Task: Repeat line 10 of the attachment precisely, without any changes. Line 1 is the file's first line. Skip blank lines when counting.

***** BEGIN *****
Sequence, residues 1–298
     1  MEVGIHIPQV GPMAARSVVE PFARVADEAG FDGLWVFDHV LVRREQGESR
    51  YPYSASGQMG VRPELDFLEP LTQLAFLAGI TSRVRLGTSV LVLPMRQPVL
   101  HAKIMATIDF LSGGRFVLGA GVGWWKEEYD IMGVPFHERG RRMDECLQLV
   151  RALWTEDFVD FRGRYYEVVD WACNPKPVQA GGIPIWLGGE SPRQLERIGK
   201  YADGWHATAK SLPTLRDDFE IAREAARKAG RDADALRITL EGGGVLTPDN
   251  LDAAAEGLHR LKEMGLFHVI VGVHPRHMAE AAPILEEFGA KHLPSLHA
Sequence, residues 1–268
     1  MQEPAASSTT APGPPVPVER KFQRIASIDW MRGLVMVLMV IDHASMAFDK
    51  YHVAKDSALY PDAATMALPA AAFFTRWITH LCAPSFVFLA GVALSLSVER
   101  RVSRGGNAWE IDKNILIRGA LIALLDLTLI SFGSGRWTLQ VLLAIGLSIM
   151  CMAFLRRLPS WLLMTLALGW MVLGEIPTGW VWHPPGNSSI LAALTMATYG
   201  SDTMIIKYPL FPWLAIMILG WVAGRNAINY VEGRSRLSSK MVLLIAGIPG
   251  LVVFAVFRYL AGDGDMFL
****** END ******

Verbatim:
    51  YHVAKDSALY PDAATMALPA AAFFTRWITH LCAPSFVFLA GVALSLSVER